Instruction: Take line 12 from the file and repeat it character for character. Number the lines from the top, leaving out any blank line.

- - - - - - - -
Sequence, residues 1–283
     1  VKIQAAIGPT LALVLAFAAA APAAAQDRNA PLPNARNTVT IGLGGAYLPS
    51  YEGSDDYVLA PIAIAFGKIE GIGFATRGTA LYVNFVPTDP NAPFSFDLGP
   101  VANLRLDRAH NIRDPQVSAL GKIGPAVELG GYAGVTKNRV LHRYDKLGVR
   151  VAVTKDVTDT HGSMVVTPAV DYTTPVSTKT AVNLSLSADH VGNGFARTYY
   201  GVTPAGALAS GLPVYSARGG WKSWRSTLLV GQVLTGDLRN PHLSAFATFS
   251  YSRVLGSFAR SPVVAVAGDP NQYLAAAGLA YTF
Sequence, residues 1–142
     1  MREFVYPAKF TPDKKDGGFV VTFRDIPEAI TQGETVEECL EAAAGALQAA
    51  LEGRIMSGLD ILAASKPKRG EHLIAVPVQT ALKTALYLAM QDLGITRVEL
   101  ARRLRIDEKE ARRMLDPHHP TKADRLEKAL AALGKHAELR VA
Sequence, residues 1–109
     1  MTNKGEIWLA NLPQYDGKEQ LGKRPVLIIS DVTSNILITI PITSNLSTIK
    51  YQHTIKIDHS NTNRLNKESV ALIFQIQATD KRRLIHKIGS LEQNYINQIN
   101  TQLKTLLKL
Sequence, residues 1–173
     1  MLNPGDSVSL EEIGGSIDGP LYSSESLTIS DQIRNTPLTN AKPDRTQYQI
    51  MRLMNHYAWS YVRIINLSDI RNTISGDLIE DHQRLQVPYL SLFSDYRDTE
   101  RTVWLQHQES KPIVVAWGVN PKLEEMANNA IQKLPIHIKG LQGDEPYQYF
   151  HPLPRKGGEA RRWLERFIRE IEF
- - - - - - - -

Sequence, residues 1–109